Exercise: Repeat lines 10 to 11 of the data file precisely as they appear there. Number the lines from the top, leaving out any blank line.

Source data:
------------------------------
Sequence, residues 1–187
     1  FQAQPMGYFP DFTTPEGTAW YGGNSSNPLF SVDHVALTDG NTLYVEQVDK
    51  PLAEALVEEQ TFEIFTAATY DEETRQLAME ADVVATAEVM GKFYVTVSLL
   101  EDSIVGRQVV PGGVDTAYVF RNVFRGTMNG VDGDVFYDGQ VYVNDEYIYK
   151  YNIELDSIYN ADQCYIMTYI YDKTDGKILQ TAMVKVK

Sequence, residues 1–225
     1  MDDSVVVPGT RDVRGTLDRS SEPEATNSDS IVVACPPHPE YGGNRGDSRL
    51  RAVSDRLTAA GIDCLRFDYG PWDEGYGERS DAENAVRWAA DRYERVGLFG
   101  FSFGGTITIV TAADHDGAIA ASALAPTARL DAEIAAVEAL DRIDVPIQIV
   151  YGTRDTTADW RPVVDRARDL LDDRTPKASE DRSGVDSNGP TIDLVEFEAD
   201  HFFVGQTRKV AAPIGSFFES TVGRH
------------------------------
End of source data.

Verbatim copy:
   151  YGTRDTTADW RPVVDRARDL LDDRTPKASE DRSGVDSNGP TIDLVEFEAD
   201  HFFVGQTRKV AAPIGSFFES TVGRH